This year’s all-gear harvest limit includes a two percent reduction to serve as a buffer to avoid exceeding the all-gear limit and payback provisions within the treaty, the state agency announced on April 1. The all-gear harvest limit for Southeast Alaska is determined by the Chinook technical committee of the Pacific Salmon Commission. It is based on a forecast of the aggregate abundance of Pacific Coast Chinook salmon stocks subject to management under the Pacific Salmon Treaty as determined by catch per unit effort in the Southeast Alaska early winter troll fishery.
The all-gear harvest is allocated among sport and commercial troll and net fisheries under management plans specified by the Alaska Board of Fisheries, with purse seiners, 4.3 percent of all-gear, getting 5,900 salmon; drift gillnetters, 2.9 percent of all-gear, getting 4,000 salmon; set gillnetters 1,000 salmon. Trollers, get 80 percent or 101,300 fish after net gear is subtracted, and sport anglers are allocated 25,300 fish, or 20 percent, after net gear is subtracted.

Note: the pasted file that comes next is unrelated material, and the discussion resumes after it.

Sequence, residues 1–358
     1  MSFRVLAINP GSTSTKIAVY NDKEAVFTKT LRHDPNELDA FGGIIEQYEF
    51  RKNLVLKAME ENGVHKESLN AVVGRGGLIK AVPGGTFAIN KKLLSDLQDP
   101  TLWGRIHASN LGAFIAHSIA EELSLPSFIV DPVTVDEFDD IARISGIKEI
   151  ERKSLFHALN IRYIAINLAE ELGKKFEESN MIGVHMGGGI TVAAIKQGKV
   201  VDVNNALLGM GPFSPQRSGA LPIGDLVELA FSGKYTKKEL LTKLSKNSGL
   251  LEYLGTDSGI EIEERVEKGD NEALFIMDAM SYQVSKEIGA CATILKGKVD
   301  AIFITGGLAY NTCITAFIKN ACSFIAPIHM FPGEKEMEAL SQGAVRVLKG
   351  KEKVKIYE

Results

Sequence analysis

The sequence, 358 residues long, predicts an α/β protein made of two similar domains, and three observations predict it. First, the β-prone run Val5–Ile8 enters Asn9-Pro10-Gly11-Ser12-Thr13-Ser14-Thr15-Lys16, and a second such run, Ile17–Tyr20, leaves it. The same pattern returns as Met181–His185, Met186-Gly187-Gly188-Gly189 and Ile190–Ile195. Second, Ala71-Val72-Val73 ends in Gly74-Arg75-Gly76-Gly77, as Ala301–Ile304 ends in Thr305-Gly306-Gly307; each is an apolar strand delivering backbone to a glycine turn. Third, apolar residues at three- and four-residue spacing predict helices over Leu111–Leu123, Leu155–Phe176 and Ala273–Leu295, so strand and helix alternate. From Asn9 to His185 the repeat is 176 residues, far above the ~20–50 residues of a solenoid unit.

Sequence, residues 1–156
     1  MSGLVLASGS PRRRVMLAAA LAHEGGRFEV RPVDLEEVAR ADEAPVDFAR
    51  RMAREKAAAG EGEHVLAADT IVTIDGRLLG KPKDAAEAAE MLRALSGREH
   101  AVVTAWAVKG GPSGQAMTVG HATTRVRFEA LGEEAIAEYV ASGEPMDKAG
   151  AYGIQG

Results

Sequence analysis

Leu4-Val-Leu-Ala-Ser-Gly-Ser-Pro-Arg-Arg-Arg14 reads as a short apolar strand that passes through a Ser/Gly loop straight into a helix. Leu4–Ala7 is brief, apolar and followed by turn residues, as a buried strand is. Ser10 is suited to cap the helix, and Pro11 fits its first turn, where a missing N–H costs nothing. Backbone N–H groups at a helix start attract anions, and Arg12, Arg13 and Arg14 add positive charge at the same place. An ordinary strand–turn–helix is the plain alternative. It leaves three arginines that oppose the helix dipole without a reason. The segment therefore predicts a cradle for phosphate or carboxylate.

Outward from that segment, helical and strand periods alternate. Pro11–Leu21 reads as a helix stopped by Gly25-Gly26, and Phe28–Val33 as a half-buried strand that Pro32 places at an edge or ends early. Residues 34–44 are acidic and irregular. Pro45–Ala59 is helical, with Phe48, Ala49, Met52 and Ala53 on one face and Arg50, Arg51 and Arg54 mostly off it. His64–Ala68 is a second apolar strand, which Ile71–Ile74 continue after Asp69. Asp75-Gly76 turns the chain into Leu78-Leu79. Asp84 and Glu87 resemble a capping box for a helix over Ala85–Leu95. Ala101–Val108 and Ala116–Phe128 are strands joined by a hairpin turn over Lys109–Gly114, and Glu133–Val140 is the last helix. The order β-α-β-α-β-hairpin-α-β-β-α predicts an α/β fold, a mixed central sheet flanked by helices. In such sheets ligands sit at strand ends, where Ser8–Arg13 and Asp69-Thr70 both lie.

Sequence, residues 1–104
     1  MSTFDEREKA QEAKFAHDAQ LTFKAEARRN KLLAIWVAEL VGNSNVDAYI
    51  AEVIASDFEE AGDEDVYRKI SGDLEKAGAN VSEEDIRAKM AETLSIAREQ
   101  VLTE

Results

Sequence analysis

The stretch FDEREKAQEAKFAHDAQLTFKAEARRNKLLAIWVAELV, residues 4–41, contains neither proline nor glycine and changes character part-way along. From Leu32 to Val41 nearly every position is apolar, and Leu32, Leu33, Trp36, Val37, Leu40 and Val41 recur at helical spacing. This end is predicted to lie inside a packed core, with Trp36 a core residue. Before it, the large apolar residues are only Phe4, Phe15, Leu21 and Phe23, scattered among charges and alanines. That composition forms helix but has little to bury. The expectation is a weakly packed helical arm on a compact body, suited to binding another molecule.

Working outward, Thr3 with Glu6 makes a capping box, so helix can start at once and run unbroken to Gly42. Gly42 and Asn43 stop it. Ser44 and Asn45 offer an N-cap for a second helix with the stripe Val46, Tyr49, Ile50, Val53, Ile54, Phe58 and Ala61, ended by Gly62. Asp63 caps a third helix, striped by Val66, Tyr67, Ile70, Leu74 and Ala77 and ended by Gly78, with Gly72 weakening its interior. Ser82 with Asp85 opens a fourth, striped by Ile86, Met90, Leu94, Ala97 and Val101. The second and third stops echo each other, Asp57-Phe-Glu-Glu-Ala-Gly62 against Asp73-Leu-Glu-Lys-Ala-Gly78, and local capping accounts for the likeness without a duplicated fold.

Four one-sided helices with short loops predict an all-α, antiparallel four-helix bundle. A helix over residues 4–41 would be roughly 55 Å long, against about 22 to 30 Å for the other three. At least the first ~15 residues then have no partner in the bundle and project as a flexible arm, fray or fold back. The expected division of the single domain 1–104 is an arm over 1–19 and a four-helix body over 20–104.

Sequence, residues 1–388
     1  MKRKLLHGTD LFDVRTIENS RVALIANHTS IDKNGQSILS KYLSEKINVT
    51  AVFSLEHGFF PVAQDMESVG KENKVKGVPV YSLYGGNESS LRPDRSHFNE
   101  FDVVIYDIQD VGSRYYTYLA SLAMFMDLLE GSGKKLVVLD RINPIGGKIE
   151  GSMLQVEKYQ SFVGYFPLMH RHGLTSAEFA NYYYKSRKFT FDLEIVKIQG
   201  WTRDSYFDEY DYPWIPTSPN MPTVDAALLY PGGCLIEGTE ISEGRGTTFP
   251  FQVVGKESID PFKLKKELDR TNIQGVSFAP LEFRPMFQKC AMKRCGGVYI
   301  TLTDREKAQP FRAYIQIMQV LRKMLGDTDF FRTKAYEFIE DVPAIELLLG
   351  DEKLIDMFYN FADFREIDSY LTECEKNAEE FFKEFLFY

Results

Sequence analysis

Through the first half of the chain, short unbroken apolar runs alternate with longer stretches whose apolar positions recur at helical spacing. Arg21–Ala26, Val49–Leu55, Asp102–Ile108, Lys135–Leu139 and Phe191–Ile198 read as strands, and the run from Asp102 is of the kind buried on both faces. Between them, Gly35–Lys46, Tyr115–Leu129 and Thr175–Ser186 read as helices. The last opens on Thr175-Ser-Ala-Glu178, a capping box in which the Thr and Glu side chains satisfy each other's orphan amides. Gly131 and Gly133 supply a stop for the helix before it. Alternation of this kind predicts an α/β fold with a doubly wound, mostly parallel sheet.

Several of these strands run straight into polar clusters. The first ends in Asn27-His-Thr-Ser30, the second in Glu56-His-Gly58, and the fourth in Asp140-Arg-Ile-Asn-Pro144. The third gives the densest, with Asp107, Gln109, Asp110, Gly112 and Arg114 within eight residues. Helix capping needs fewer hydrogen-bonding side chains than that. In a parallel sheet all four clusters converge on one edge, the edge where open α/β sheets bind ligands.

The Alaska Board of Fisheries approved action plans for three Chinook salmon stocks of management concern on the Unuk, King Salmon, and Chilkat rivers at the 2018 Southeast and Yakutat finfish meeting. Two of these three stocks did not achieve escapement goals in 2018.
Winter troll fisheries concluded in all waters of Southeast Alaska/Yakutat on March 15. Spring troll fisheries for some districts were set to begin May 1.